ANGUS Robertson has accused the Foreign Secretary of trying to censor him and his colleagues as he demanded the withdrawal of guidance to British diplomats placing curbs on dealings between Scottish ministers and overseas governments. 

A letter sent by James Cleverley to all UK heads of mission said that all meetings involving ministers in Edinburgh and overseas governments must be organised through the Foreign Office and attended by UK officials.

He said UK officials must take a “firm approach” to ensure the Scottish government was not using overseas visits to promote independence and undermine UK policy.

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The letter led to anger among Scottish Government ministers who have a network of international offices across Europe working to enhance overseas trade relations and maintain ties with the EU post Brexit.

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It also has hubs in Washington DC, Beijing and Ottawa. The first two are inside the British Embassy offices in those capital cities, while the Beijing hub is located in the British High Commission bureau.

In his response to Mr Cleverley's letter, Mr Robertson, the constitution secretary, said he is ‘concerned at the damage [the] letter and guidance could do to Scottish trade, cultural exchanges and education, and to Scottish interests.

“Scotland has long benefitted from the investment and domestic benefits our international network has helped to deliver and as EY reported last year, Scotland continues to outperform the UK as a whole for foreign direct investment, driving the creation of new jobs and economic opportunities for local businesses," he wrote.

“Ministerial engagement to promote Scotland is a key driver of these opportunities, alongside the efforts of our international network, and it is more vital than ever, given the damage of Brexit to the Scottish economy and trade. 

"Just this week, Wellbeing Economy Secretary Neil Gray met with a major Japanese company in Osaka to discuss plans for a large subsea electric cable manufacturing plant in the Highlands.

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“We will of course resist any move by the UK Government to curtail these types of visits and reduce opportunities to promote Scottish trade and investment opportunities.  There is, rightly, nothing in the Scotland Act that prevents Scottish ministers from undertaking overseas visits to promote Scottish interests.”  

He added: "The Scottish Government is internationalist to its core. We believe Scotland has a contribution to make to global issues, whether that is tackling climate change, international development, advancing equalities around the world, the treatment of those fleeing war and oppression and many other topics where the UK Government also has relevant responsibilities. We cannot be expected to turn our back on our core national values, and we will not do so."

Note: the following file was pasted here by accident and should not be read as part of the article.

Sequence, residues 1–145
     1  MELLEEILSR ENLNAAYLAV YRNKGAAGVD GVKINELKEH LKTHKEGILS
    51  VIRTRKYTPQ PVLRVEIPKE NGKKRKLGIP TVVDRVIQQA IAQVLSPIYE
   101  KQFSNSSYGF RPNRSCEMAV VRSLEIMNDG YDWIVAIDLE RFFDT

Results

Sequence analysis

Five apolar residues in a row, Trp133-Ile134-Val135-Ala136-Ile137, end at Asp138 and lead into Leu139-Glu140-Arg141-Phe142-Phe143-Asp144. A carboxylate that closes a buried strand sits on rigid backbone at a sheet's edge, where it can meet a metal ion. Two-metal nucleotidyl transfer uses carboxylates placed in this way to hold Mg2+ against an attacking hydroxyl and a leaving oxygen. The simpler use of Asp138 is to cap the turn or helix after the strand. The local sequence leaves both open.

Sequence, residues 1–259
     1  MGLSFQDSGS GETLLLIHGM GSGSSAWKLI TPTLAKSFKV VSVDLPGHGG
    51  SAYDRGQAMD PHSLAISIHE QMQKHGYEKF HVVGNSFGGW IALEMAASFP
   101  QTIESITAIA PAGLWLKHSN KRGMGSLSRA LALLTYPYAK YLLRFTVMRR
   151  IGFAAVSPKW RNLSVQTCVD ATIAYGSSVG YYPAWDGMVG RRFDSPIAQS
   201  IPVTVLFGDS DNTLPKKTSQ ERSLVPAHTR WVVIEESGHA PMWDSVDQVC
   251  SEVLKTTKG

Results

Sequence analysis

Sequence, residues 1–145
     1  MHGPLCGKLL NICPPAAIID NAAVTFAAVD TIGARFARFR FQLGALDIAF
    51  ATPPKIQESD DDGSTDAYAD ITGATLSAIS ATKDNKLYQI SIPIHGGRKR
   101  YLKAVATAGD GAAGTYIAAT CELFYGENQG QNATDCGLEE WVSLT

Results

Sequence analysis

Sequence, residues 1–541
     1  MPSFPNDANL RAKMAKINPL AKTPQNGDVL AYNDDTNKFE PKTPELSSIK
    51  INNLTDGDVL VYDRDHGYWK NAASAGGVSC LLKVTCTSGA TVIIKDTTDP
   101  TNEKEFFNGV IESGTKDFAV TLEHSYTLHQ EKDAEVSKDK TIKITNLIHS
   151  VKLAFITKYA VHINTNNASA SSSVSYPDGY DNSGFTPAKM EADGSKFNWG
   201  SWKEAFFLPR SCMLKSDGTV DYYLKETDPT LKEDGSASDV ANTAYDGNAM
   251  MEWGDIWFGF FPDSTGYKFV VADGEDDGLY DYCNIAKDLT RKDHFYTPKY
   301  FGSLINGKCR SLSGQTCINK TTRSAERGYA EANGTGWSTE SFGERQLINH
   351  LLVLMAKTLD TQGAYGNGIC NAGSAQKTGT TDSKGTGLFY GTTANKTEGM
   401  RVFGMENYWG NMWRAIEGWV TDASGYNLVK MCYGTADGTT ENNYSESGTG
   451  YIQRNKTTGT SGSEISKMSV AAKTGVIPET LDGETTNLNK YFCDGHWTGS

He continued: "In terms of the practical effect, the clear purpose of the guidance appears to be to limit the Scottish Government’s international activity. Make no mistake: this will cause real, practical damage to Scotland’s interests. Scotland is home to leading businesses in space, renewables, life sciences and artificial intelligence and has an arts and culture sector with a global reputation. Our economy, businesses, educational institutions and transition to net zero all depend on international partnerships and engagement. 

"The Scottish diaspora comprises some 40 million people, many of whom want to engage with Scotland. In all of these areas of activity other countries, their governments and businesses want to work with Scotland. The new guidance seems designed to put obstacles in the way of that."

He went on: "Your letter and guidance amount to an attempt to censor Scottish Government ministers’ legitimate engagement in international forums and meetings. 
"They give an inaccurate picture of both the way the Union itself is supposed to operate and of devolution. And above all, they will damage the Scottish economy and a range of Scottish interests."

Mr Robertson said he was surprised to first hear of the new guidance via a newspaper journalist seeking a comment and underlined that the Scotland Act did not stop Scottish ministers forming relationships with other countries despite foreign affairs being a reserved matter.

A spokesman for the Foreign, Commonwealth and Development Office said: “The UK has one of the best, most expansive and expert diplomatic services in the world, with people from across the UK representing our interests abroad.

“As a permanent member of the UN Security Council, the G7, NATO and the Commonwealth the UK has an unparalleled influence on the international stage.

“We are delivering effectively for the whole of the UK, including by ensuring that Scotland’s interests remain at the heart of our international agenda”.